We have 20‑something scripts which represents most of the active languages around the world, that is that policies are already put in place. However, there's still many different languages that are not completely completed. They are especially, you know, less well used languages that ‑‑ that relates a little bit to the SDGs of Protection of Cultural Heritage and languages and those type of areas, it would be good to have stakeholders from those communities to come to icon and participate and add those languages to the policy ‑‑ the policy repositories which we call, label generation rule sets. It's a mouthful, but basically, it's language rules as I mentioned. Technically for English, we map the capital A and small letter A but other long languages we need to figure out whether there are these types of mappings, whether there's these type of variations that need policy to deal with, and's ‑‑ those are some of the things that I think we need to call on people to come and participate at ICANN to make that smooth for people with Indigenous languages to be able to connect to the Internet with their own native script and language.
>> MAARTEN BOTTERMAN: Well, thank you for that. I think we should realize is that the people we are trying to serve here probably never considered using the Internet yet. Because why would they? They can't use the script. They can't use this Internet. So that's why next to welcome ready to really resolve in a universal way, next to governments that can make a big role to require it as part of the services they buy, it's also important to have a kind of comprehensive exercise that really pulls people in and offers them a reason to really go there. I'm personally following with real interest also what in particular India is trying to do here. They have eight scripts, 22 languages out of my head and they have a plan that they call digital India which is really have the Internet to serve the community and get online and also integrate this IDN use and the use of the different scripts and do that as well, by making people aware on such a high level, by pushing also services that can really do it, by offering government services that will help do that we may see a movement that shows to the world this really can be done and I really hope that other regions will follow.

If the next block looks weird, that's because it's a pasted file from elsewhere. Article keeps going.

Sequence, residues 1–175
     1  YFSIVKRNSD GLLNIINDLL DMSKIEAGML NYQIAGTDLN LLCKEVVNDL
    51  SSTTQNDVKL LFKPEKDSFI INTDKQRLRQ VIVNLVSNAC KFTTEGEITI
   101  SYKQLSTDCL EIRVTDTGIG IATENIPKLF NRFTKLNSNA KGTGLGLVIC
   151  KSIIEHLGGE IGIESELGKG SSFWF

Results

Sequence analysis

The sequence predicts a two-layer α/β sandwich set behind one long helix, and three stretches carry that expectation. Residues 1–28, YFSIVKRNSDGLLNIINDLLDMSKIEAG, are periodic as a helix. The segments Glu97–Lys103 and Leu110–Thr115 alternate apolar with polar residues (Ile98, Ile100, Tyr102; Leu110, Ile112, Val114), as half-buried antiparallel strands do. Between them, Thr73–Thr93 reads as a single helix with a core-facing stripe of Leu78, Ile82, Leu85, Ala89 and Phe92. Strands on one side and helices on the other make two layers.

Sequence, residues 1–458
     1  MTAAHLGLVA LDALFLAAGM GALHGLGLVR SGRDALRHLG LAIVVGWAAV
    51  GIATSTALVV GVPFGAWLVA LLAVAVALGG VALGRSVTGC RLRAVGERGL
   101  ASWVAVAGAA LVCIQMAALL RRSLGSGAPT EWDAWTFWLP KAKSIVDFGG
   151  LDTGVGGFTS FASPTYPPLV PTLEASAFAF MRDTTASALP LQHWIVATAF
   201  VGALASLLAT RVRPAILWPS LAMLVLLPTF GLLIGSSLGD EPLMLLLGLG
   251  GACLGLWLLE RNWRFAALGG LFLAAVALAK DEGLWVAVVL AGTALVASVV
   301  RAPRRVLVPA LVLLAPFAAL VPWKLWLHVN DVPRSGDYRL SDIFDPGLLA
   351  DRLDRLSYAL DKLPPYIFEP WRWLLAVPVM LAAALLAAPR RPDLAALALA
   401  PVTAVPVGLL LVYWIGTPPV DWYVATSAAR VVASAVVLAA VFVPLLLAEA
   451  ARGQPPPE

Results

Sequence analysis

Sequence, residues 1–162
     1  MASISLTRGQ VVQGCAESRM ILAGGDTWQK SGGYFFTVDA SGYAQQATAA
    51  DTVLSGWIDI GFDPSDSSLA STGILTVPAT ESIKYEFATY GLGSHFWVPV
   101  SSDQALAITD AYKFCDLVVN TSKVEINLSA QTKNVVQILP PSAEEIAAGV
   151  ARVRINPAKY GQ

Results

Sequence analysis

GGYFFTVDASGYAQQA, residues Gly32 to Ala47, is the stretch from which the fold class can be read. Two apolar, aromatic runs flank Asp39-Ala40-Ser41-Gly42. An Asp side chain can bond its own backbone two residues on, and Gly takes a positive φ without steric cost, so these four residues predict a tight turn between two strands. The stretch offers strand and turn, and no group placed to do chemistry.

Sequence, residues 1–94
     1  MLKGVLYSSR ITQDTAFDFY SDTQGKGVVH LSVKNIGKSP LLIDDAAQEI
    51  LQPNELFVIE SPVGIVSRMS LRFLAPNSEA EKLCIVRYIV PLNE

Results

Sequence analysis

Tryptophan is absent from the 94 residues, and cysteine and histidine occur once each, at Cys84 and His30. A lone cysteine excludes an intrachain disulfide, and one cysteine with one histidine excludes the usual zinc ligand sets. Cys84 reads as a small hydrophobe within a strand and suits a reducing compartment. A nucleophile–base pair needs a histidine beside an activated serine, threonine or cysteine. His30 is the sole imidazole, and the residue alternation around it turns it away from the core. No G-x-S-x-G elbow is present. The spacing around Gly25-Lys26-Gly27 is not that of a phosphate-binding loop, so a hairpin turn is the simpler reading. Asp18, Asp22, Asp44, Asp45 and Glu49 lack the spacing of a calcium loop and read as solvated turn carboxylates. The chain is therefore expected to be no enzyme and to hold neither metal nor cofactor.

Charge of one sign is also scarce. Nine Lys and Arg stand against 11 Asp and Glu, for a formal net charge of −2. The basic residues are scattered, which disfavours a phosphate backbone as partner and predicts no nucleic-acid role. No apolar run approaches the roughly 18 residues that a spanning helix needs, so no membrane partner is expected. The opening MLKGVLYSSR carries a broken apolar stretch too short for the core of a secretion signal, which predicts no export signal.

>> AVRI DORIA: My comment is almost more of a question. And comes out of the other parts of my life, my work world, that is not ICANN and it's a question I always had.
As we are doing this and we are starting to push it out to the users, to the schools, do they actually ‑‑ okay, on some of the phones they may have it. But do they actually have the end user equipment in awful of the will goes and the towns available that can take advantage of this? And if not, how does that get filled? I know I'm here to answer questions and not ask them, but this is one that sort of nagged at me and while we are talking about the spread of IDDs. Whether it's all there and whether every school has the right keyboards and machines and they need something to hook it up.
>> AUDIENCE MEMBER: Thank you, my name is Elisa Heaver, I'm from the Netherlands. I was wondering ‑‑ I came in slightly late. So sorry for that. Have you discussed whether we should think about IDNs to be an important part of the Global Digital Compact and for some mentioning of that in the GDC? Thanks.